As a pediatrician and a mother, I am particularly concerned about the impacts of climate change on maternal and child health. Pregnant women are especially at risk from heat because they have a higher body temperature to start with, and are “cooling for two”, which makes them more susceptible to dehydration, heat exhaustion, and heat stroke. Heat exposure during pregnancy puts babies at risk for congenital heart defects and low birth weight. It also increases the risk of premature birth, the leading cause of illness and death in newborns. One in ten births in the United States is pre-term (one in seven for Black babies), at an estimated societal cost of $26.2 billion. I have cared for many babies born too soon who needed breathing tubes, feeding tubes, or emergency surgery to live, and who are at risk of lifelong health problems including chronic respiratory problems, developmental delay, and cerebral palsy. It is heartbreaking, especially since many of these situations, and their financial and emotional impact on families, are preventable.
The latest report from the UN Intergovernmental Panel on Climate Change (IPCC), which synthesizes over 14,000 scientific studies, makes clear that human-driven global warming is happening faster than anticipated. The medical community is increasingly speaking out on the grave risk that climate change poses to human health. Across the country this year, Americans endured, and in some cases died in, unprecedented heat waves, hurricanes, flooding, and wildfires. While extreme weather has always happened, climate change “loads the dice,” making higher intensity events more frequent. A recent analysis in the journal Science shows that the generation born this year will experience up to seven times the heatwaves, three times as many droughts, floods and crop failures, and twice the wildfires as their grandparents.
While climate change affects everyone, the impacts are inequitably distributed. People of color and low-income people are more likely to be exposed to extreme heat, due partly to a history of “redlining"—racist lending policies that deprived majority Black neighborhoods of investments in cooling shade trees, green spaces, and quality housing. Previously redlined neighborhoods can be more than 12° F hotter than non-redlined neighborhoods. This has real impacts on health and well-being: every one degree Fahrenheit increase in heat wave intensity has been associated with 2.5 times higher risk of death, and hot classrooms have been linked to lower academic achievement for children.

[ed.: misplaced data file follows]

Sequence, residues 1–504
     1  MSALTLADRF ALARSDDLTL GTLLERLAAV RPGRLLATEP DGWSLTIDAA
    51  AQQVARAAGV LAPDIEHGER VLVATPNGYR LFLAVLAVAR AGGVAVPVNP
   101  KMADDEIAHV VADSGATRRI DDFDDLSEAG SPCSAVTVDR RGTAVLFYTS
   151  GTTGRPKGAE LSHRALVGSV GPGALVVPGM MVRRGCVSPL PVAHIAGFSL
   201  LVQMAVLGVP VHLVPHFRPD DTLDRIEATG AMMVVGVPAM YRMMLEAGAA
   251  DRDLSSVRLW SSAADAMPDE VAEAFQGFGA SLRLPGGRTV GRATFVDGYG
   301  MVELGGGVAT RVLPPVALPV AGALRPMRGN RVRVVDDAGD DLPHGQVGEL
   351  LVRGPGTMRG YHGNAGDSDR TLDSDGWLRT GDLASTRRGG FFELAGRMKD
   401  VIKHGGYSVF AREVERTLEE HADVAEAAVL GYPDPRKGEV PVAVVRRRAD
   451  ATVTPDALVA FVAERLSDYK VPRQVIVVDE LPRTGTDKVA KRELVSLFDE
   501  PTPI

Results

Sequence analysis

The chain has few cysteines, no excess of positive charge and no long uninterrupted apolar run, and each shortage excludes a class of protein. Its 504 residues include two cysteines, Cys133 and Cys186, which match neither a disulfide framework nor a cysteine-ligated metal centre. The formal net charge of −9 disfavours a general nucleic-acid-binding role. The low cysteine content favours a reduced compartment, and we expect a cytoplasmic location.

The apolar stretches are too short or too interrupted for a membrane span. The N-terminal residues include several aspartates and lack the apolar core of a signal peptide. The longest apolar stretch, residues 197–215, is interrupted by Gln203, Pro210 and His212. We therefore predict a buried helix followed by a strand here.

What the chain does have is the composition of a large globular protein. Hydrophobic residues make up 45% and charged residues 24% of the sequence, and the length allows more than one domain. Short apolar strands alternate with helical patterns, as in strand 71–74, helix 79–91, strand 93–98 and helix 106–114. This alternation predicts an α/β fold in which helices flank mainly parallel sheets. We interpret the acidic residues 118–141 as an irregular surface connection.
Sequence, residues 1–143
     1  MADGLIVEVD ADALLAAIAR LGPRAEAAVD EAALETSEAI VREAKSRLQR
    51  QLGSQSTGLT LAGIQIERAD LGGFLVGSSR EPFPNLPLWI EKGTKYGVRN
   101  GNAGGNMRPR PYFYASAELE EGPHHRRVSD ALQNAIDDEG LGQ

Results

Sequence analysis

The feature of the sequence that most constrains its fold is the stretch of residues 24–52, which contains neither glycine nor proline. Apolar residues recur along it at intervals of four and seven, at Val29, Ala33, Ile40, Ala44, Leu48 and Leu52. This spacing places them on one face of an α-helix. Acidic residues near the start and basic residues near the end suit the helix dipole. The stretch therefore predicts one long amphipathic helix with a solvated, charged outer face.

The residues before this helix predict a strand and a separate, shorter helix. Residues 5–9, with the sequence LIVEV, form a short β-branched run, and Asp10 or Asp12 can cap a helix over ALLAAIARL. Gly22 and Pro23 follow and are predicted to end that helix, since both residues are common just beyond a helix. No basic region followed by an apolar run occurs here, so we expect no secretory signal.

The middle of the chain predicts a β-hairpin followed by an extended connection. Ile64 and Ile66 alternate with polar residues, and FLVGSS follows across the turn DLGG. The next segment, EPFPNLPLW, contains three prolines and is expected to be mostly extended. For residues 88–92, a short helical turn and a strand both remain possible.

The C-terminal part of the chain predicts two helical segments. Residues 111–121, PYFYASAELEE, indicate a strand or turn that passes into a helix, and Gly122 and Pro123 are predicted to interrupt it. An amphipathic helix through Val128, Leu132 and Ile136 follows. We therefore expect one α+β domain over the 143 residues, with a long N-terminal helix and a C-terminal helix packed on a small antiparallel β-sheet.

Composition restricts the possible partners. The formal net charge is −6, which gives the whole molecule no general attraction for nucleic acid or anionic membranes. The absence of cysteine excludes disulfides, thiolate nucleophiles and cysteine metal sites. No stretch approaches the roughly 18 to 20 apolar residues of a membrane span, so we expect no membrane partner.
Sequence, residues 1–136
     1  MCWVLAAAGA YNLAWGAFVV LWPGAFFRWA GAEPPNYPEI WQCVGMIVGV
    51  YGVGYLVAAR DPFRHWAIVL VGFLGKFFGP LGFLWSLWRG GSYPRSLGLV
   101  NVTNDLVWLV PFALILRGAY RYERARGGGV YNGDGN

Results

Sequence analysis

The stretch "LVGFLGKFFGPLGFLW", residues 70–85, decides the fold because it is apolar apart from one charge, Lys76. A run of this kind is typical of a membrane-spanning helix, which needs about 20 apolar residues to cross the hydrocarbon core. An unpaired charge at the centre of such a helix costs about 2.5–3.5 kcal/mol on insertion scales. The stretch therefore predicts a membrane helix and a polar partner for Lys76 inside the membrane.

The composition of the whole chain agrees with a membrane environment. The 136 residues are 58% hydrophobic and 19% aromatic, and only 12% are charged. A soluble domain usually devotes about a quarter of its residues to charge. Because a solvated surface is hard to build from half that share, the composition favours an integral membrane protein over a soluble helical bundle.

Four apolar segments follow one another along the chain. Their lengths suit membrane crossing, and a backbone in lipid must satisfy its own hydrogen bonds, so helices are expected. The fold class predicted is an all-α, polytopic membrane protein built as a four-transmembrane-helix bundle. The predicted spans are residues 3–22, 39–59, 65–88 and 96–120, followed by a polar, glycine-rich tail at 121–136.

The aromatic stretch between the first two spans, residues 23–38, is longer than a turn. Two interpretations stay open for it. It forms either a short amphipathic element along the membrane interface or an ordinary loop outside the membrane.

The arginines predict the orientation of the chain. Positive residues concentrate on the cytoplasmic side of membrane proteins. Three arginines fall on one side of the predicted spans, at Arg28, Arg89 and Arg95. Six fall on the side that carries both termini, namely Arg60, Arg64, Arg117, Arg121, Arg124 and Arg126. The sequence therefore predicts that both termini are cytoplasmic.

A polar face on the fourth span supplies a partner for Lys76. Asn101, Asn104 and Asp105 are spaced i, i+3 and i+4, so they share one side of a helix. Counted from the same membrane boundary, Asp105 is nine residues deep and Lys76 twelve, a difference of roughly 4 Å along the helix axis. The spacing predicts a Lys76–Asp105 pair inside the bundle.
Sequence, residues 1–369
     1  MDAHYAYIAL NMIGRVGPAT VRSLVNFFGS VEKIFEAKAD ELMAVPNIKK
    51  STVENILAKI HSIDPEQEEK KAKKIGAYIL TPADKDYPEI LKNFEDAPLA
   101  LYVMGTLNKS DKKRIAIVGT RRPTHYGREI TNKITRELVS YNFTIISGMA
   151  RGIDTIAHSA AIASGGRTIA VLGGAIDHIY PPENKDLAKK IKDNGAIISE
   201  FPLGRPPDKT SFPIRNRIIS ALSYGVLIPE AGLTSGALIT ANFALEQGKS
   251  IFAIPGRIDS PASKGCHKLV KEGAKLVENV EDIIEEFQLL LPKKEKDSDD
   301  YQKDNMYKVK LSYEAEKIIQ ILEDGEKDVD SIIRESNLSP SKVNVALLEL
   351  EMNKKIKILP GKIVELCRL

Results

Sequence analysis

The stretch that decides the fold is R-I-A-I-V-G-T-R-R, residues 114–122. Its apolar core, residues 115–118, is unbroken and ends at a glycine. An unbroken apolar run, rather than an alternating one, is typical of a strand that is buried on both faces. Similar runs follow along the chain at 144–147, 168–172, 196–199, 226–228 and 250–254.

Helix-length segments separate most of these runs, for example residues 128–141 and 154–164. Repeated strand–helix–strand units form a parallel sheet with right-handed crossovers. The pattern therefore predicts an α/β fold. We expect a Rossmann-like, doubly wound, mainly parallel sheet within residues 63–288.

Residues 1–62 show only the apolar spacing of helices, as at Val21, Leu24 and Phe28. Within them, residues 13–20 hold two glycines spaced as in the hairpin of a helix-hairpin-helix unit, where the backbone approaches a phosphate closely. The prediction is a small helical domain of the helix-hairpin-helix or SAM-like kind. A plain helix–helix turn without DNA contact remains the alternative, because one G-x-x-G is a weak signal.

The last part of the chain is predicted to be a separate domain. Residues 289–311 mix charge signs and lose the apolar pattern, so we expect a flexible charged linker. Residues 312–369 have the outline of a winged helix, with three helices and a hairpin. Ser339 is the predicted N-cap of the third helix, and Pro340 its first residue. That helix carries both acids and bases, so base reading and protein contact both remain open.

At the same time, the fossil fuel-based energy and transportation sectors driving climate change produce deadly air pollution. Prenatal exposure to air pollution was linked to nearly 6 million premature births worldwide in 2019, as well as low birthweight babies and childhood asthma. As with extreme heat, people of color at all income levels are disproportionately exposed to air pollution, and disproportionately suffer the disease burden associated with breathing polluted air. Black children, for example, have more than twice the prevalence of asthma as white children, and eight times the death rate from asthma.
A more hopeful, healthy future is possible. Decades of American innovation have yielded economically and technically feasible climate solutions that will also have immediate health benefits due to a reduction in air pollution. A recent report from Princeton researchers suggests that by switching to cleaner energy, the United States could prevent more than 400,000 deaths and avoid over $3.5 trillion in health costs by 2050.
When it comes to improving neonatal outcomes, the controlled experiment has already been done. Between 2001 and 2011, eight coal and oil power plants in California closed down, providing a perfect opportunity to study the near-term health impacts of fossil fuels. In just the first year after a closure, pregnant women who lived near a power plant were 20 percent less likely to have a premature baby than before the closure—and the benefit was even stronger for African-American and Asian women—and fertility rates went up. Women living near coal plants that remained in operation did not see the same health improvements.
We still have a chance to choose a future in which climate change is limited to 1.5°C (2.7°F) above pre-industrial temperatures—a threshold that scientists and world leaders say will limit catastrophic damage. This month, Congress is debating the Build Back Better Act, to invest in historic measures to protect mothers, babies, and future generations from climate change, while world leaders convene at COP26 to set national climate goals. Ambitious national carbon emissions targets, matched with bold investments in clean energy, electric transportation, green space, sustainable food systems, and climate-resilient utilities infrastructure, including targeted investments in communities of color, are urgently needed to save lives, save money, and help close the health equity gap.